UKRAINE – IS THERE ONE(!) TRUTH?
No there is certainly not one truth, there never is. But in the case of Ukraine there are many truths and they are clearly expressed by different public and private personalities. The recent visit of our „Platform for Dialogue and Conflict Resolution in Ukraine“ has proven the ambiguity of the situation in Ukraine again. The war in the eastern part of Ukraine and the occupation of the Crimea is always present. And that cannot be a surprise. For some it is an excuse not to touch other critical issues. Sometimes the lack of fundamental reforms and of a thorough fight against corruption is explained or even justified by the ongoing conflict with Russia and the separatists in the East. For others the war is the reason why issues of a modern society from feminism to human rights cannot be discussed in a proper way. This should be done when the war is over and especially when Ukraine has win this war – is the argument.
Two conflicts – one external, the other internal
The war is looming over all discussions and equally strong is the split between the society and politics. There is probably no country worldwide where the mistrust towards politics in general and against the leading politicians is as high as in Ukraine. Corruption, the dominant role of oligarchs in political life and the permanent political in-fights on the one hand and the „buying“ of parliamentarians on the other hand are supporting the political skepticism of the public. For many our interlocutors this split and division in the Ukraine society is more important than the external conflict.
In addition it is also true that this conflict is used – sometimes misused – to construct a genuine Ukrainian society. Also the new language law, which enforces the use of the Ukrainian language in school is justified by the necessity to promote the formation of a Ukrainian society. Not only the Russian speaking population is affected by it but also the Hungarian, Slovak and Rumanian minorities are protesting against that law. Especially concerning these minorities students the law is supposed to create better opportunities to study at Ukrainian universities and to find adequate jobs. Again there is not one truth but different possible approaches, whatever the real motivation behind the law on using the Ukrainian language at school has been. And probably there are coinciding two approaches: the honest approach of strengthening the cohesion of the Ukraine society and the more nationalistic approach to cut the ties to Russia and to enforce the Ukrainian language on the Russian speaking part of the population.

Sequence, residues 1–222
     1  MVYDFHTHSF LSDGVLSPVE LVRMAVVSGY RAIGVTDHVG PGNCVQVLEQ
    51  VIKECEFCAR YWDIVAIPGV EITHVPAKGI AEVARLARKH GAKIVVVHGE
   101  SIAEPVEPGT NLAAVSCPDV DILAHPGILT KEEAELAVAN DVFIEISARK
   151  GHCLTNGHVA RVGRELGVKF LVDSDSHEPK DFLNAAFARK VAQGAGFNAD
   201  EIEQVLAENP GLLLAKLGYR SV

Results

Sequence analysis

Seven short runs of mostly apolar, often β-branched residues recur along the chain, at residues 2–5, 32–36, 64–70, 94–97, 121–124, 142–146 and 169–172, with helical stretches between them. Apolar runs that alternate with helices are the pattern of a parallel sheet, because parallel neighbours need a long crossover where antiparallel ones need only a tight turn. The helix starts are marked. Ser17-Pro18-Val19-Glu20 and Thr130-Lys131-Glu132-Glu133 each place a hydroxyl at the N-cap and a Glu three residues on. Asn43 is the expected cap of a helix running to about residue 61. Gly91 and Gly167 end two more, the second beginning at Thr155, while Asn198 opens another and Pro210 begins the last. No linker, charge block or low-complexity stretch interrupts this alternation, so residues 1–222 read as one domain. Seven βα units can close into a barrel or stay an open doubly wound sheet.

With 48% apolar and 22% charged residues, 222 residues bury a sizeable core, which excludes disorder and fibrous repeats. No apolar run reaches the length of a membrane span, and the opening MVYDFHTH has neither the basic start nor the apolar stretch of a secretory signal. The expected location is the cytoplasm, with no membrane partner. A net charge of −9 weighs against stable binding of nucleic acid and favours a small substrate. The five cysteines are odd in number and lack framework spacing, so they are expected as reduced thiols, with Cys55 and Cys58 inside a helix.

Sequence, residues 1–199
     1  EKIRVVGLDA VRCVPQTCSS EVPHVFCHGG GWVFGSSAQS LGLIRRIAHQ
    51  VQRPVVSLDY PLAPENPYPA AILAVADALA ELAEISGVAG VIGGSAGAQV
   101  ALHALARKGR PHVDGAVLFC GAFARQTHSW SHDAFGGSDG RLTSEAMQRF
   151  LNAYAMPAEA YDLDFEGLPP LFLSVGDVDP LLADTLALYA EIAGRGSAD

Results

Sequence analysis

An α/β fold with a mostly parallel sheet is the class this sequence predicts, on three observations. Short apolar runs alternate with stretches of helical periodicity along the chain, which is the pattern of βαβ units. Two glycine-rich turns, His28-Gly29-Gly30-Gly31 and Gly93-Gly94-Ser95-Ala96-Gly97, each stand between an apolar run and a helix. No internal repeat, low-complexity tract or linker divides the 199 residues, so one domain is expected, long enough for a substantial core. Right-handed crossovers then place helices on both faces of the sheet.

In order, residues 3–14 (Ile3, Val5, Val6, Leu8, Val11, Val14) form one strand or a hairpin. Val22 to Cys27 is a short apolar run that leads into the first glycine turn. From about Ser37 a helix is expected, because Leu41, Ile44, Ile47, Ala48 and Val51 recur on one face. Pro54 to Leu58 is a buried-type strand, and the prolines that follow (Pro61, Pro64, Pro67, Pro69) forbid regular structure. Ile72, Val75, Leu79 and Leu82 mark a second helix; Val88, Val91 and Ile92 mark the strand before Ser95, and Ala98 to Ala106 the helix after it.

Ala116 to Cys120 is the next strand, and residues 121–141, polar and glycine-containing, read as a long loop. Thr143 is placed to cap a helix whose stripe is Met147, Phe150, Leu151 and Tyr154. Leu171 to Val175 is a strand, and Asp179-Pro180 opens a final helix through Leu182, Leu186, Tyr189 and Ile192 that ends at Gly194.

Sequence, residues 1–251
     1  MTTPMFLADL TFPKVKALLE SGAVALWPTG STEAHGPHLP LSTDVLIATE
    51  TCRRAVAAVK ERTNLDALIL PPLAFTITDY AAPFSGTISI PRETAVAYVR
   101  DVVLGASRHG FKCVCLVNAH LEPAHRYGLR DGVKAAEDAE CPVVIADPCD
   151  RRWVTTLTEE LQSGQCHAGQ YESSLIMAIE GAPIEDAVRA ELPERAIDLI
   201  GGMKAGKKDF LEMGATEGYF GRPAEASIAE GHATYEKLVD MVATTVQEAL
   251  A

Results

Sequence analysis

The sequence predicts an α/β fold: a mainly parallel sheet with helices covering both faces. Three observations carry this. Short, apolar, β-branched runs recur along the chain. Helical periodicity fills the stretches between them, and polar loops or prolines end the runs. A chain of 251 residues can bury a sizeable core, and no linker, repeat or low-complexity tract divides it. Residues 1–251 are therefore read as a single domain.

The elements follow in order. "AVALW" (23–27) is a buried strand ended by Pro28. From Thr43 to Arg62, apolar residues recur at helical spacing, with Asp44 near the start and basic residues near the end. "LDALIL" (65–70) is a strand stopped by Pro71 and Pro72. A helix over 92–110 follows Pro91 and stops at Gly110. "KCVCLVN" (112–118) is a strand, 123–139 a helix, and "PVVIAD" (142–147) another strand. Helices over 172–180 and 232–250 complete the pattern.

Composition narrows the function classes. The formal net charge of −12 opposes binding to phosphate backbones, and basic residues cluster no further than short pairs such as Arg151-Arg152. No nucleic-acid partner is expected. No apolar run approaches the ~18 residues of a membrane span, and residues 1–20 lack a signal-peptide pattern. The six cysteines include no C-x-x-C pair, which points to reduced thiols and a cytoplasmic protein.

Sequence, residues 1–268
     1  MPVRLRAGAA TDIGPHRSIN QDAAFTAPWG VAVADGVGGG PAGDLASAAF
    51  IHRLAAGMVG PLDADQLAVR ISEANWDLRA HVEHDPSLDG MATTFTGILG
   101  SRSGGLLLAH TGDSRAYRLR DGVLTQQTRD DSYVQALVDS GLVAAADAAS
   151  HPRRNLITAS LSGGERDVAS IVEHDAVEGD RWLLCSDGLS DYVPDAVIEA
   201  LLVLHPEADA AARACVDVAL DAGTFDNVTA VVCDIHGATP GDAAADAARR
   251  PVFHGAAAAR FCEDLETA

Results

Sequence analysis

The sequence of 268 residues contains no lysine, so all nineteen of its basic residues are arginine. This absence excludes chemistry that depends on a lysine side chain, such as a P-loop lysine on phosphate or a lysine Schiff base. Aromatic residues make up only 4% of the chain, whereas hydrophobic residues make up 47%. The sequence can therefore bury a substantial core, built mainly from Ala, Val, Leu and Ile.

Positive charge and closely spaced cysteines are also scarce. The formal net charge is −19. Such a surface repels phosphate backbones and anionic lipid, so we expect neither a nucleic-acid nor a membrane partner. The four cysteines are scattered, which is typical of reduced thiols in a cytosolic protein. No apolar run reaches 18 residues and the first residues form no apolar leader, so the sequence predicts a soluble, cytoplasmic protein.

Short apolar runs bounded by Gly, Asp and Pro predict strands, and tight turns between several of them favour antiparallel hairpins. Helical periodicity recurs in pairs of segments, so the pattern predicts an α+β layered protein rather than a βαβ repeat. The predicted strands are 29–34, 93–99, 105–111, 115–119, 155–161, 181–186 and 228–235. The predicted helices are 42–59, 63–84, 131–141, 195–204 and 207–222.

Art and civil liberties
Looking at the cultural field there had been numerous attacks against art exhibitions and open debates on feminism and LGTB rights. Of course not everywhere and at all times. But when there had been attacks the perpetrators have benefited from a slow and disinterested police. The impunity of these perpetrators is more negative than the attacks as such. And it is interesting that in fact one can find ideological parallels between the nationalistic right in Ukraine and in Russia.
In this respect It was disappointing to hear from young activists of the civic platform of EuroMaidan that they would understand and even support, the resistance to discuss these issues now. It should be delayed until later as the priority now is to win the war. This attitude was clearly disappointing for us even while understanding the concentration of the Maidan people on influencing the government in changing the daily work of the administration. And most likely they did not want to confess that some of their hopes like changing the political system radically did not come true.
But we met also young leaders who want to work more bottom up for example by strengthen the young civil society by setting up youth centers with fora for open discussions. They do not see much possibilities to influence the existing parties. They rather want to help the establishment of an active civil society beyond the corrupt political structures.